5.1 Likelihood computation . . . . . . . . . . . . . . . . . . . . . . 1526
5.2 Importance sampling . . . . . . . . . . . . . . . . . . . . . . . . 1527
6 Simulations under model conditions . . . . . . . . . . . . . . . . . . 1529
7 Model checking . . . . . . . . . . . . . . . . . . . . . . . . . . . . . . 1530
7.1 Residuals . . . . . . . . . . . . . . . . . . . . . . . . . . . . . . 1530
7.2 Hausman-type specification test . . . . . . . . . . . . . . . . . . 1531
8 Robustness to the misspecification of the error distribution . . . . . 1532
8.1 Effect of heavy tails and unspecified moving average correlation 1532
8.2 Effect of skewness and non-linear dependence among the errors 1534
9 Examples . . . . . . . . . . . . . . . . . . . . . . . . . . . . . . . . . 1536
9.1 Generalized linear models with time-series errors . . . . . . . . 1536
9.2 Cross-correlated binary data . . . . . . . . . . . . . . . . . . . . 1538
9.3 Matched time-to-event data . . . . . . . . . . . . . . . . . . . . 1539
9.4 Spatial regression with count data . . . . . . . . . . . . . . . . 1541
9.5 Computational details . . . . . . . . . . . . . . . . . . . . . . . 1543
10 Concluding discussion . . . . . . . . . . . . . . . . . . . . . . . . . . 1544
Acknowledgements . . . . . . . . . . . . . . . . . . . . . . . . . . . . . . 1545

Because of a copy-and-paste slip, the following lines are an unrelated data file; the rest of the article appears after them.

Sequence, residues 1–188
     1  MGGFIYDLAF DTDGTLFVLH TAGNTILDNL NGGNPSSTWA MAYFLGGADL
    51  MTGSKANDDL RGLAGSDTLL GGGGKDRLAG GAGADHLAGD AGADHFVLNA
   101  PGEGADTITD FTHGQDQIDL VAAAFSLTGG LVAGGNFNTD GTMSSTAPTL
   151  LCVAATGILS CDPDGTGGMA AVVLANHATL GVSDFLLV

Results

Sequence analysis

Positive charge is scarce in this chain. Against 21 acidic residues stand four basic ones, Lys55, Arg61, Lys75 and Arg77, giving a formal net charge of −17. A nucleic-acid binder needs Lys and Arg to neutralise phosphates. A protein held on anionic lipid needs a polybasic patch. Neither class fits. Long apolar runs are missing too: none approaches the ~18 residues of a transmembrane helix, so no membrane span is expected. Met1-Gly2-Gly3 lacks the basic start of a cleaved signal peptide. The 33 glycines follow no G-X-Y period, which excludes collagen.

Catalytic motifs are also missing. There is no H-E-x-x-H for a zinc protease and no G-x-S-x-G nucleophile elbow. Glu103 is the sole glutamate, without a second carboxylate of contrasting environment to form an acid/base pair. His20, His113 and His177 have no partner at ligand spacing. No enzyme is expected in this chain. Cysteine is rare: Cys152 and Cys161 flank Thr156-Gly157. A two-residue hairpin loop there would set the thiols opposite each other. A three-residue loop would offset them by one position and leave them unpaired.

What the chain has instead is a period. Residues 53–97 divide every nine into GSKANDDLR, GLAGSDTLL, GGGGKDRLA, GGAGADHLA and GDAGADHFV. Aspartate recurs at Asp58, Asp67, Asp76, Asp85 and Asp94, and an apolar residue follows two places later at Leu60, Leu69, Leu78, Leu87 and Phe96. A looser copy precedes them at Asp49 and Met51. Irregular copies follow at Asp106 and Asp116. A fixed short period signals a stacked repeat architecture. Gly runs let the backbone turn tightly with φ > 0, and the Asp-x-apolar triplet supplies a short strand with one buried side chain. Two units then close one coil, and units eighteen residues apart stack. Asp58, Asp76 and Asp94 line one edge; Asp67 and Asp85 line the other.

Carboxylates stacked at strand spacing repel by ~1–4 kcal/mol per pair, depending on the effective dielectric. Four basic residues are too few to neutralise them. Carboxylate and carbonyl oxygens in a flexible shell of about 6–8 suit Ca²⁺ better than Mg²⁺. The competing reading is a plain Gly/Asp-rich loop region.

References . . . . . . . . . . . . . . . . . . . . . . . . . . . . . . . . . . . 1545
1. Introduction
Marginal regression models for non-normal correlated responses are typically
fitted by the popular generalized estimating equations approach of Liang and
Zeger [34]. Despite several theoretical and practical advantages, likelihood anal-
ysis of non-normal marginal regression models is much less widespread, see Dig-
gle et al. [13]. The main reason is the difficult identification of general classes of
multivariate distributions for categorical and discrete responses. Nevertheless,
likelihood analysis of marginal models has been considered by many authors,
see Molenberghs and Verbeke [39] for some references.
Gaussian copulas [47] provide a flexible general framework for modelling de-
pendent responses of any type. Gaussian copulas combine the simplicity of in-
terpretation in marginal modelling with the flexibility in the specification of
the dependence structure. Despite this, Gaussian copula regression had still a
limited use since for non-continuous dependent responses the likelihood func-
tion requires the approximation of high-dimensional integrals. The intents of
this paper are to identify the class of Gaussian copula regression models and
to show that methods developed for multivariate probit regression can be use-